Community Supported Fisheries

Like community supported agriculture, community supported fisheries could be a way to lessen environmental impact of the fishing industry and better connect people with their food.

My commercial fishing career ended many years ago, but I still have a bunch of memories of the destruction that I participated in. My father was also in the fishing industry and for a long time afterwards couldn’t even bring himself to look at photos of him alongside bluefin tuna, broadbill, marlin, shark and other species; photos that were once a great source of pride.

Probably the worst forms of fishing I was involved with were bottom trawl and scallop dredging. We ripped up the ocean floor and pretty much scooped up anything that wasn’t fast enough to get out of the way.

One of the things that struck me even during that time of ignorance was the huge amount of waste involved. During general bottom trawling we used to pick up all sorts of species; many of which were tossed overboard as there was no market for them or we were not permitted to sell them. They didn’t swim happily away as they were already dead.

A good example; which was prior to my time, was the case of the flathead. It’s not the prettiest of fish, but in my opinion, one of the tastiest. These used to be thrown overboard as they were considered “trash”; but today, you’ll pay AU$ 45 a kilogram for flathead fillets (around USD $23 a pound). Once trash, now treasure.

As it has been so long since I last worked in the industry, I’m not sure what the story is locally now; but in Europe, the issue of “discards” is still a big issue. This isn’t just due to consumer taste or ignorance; but also the result of laws – some of which are well-intentioned, but miss the mark.

According to Fish Fight, an estimated 1.7 million tonnes of fish are thrown back overboard in Europe annually. In the North Sea, half of the fish caught are thrown back dead.

Progress is being made on reversing some bans, but consumers also need to get a little more adventurous by trying different species; some of which can be as tasty as their favorites and are often much cheaper.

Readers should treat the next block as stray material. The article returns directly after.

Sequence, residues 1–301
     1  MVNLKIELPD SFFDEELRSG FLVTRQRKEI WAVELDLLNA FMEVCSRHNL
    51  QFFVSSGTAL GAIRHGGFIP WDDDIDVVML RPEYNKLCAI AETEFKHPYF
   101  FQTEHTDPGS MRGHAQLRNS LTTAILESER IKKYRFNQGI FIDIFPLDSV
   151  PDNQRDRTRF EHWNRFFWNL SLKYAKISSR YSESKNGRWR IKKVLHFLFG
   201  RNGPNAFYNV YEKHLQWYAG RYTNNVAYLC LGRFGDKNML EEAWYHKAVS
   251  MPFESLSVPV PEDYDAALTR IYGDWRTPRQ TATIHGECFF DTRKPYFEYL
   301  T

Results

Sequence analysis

Another way to do more with what we harvest from the ocean is via community supported fishery (CSF). Members of a community supported fishery pay an amount each week to a single operator or a fisher’s co-op and in return receive a share of the harvest – any species that is suitable for human consumption. Thinking back to what we used to catch, this arrangement can provide a lot of variety.

The trawler operators also receive a better price than they would at market. While trawling can never be truly green; a properly run Community Supported Fishery means a fisher can do less work for more money – and less work means less trawling and fewer fish needing to be pulled from the oceans; plus far less waste.

The Wikipedia entry on Community Supported Fisheries points out the arrangement involves a triple bottom line approach: environmental stewardship, benefiting local economies and social improvements.

If you live in a fishing community and are interested in starting up a CSF, check out the National Sea Grant Law Center’s “Starting and Maintaining Community Supported Fishery (CSF) Programs”; which can be downloaded here (PDF).


Community Supported Agriculture
Community Food Gardens
Natural Food Cooperatives
Fishing And The Environment
Seafood And The Environment